4. Work Flexibly

When it comes to flexible working – much like mental health – one size does not fit all. In fact, the key to a positive mental health outcome is workers being able to make their own decisions, rather than having a single "flexible" option presented to them. The standard “9-5” is no more and within most industries, they have decided to shake this up, where possible, to give colleagues the ability to control their day. "Flexible working helps people balance the demands of their work and their personal lives more effectively,” explains Professor Kinman. “There is evidence that people who work flexibly report better wellbeing, and are more satisfied with the work”.

A good example of this is where Jason has a doctor’s appointment at 10am, however lives 40 minutes from the Office and the doctors is five minutes from their house. By allowing him to work from home that morning, the employer gets thirty minutes extra productivity out of him, rather than a forty minute travel to the office, to then head back forty minutes, and then travel forty minutes back into the office following the appointment. The colleague also feels empowered and trusted, that their employer is allowing them to be more flexible, rather than trying to stress the colleague out and potentially just giving up on the appointment altogether.

In summary, a difficulty finding work-life balance only creates a negative mental state that would cause anyone to eventually burn-out, improving the balance allows you and your staff to feel empowered, more engaged and create a workplace where everyone feels included and that their needs are respected by their organisation.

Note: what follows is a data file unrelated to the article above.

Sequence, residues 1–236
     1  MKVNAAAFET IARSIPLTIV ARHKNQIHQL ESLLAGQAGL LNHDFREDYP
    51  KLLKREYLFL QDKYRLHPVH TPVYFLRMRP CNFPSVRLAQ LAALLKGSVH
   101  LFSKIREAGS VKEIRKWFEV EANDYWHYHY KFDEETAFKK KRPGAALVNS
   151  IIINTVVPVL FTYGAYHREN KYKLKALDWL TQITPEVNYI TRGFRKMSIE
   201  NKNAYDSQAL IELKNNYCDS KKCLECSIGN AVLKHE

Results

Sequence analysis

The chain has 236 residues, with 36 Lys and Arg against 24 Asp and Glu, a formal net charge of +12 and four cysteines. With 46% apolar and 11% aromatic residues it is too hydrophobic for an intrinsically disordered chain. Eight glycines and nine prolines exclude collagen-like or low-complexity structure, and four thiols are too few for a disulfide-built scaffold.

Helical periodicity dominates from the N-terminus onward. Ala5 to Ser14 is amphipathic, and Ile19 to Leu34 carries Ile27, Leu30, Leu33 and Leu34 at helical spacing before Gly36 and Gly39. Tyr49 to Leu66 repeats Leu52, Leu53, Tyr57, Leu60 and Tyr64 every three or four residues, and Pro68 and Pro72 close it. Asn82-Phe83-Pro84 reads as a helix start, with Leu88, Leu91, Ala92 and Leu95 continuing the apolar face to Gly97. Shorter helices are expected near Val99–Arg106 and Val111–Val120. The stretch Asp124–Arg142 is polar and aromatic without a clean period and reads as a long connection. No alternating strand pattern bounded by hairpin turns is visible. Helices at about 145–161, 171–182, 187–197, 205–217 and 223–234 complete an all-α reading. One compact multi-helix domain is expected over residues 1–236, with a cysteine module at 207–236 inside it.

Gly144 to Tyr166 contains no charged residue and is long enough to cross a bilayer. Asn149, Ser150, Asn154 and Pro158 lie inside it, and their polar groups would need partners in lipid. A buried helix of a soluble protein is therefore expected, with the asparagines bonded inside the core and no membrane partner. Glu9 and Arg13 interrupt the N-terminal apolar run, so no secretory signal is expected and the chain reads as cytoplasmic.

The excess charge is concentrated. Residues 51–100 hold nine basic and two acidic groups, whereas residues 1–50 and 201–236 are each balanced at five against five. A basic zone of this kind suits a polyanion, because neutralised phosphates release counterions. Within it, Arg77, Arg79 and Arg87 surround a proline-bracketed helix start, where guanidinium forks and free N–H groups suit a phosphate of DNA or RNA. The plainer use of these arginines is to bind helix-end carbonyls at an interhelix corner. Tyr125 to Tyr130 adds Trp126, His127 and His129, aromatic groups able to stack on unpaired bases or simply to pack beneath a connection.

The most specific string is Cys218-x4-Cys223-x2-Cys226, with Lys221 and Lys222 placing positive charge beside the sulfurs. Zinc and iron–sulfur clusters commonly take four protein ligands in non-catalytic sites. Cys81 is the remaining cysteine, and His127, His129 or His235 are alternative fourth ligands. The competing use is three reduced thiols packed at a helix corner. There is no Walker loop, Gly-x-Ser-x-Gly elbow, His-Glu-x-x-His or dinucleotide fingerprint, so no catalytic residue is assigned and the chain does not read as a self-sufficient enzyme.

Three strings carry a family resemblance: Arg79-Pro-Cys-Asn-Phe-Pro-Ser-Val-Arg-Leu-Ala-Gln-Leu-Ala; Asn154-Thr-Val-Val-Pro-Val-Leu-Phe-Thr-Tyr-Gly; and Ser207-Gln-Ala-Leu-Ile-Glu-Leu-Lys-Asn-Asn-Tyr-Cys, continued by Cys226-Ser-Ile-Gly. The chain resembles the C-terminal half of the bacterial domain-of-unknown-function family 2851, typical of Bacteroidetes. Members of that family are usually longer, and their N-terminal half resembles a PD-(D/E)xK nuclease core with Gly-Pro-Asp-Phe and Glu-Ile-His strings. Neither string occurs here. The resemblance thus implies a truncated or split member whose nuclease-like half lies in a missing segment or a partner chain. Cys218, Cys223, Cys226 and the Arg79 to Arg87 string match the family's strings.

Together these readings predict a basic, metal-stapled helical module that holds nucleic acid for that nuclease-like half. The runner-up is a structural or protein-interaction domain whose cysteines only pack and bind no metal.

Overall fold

I’ll finish on a quote: “Never get so busy making a living that you forget to make a life”

We thank Luke Adebiyi for contributing his insights to Locate Isle of Man.

Luke bravely spoke out about his Mental Health to 60,000 of his colleagues within a previous role and has since then proactively contributed to Smashing the Stigma attached to Mental Health. He’s also spoken at the Stonewall Workplace Conference on Mental Health in the Workplace and Mindful Mann on two occasions. He’s a two-time Ethnicity Role Model,  listed in the first Isle of Man 30-under-30 list and nominated for the Financial Times top 30 Future Ethnic Leaders. Luke is also an advisor to the InsideOut Mental Health Charter which features some of the UK’s largest Organisations and UK Parliament whose aim is to smash the stigma attached to Mental Health. Luke finally co-founded a Mental Health Charity on Island earlier this year.

Luke is also speaking at ‘This Can Happen’ later this year which is the largest UK Mental Health Conference which has previously been attended by Prince Harry. In addition – Luke has been awarded both in 2017 and 2019 at the Responsible Business Awards, Positive Role Model for Ethnicity and Equality, Diversity and Inclusion Champion of the Year.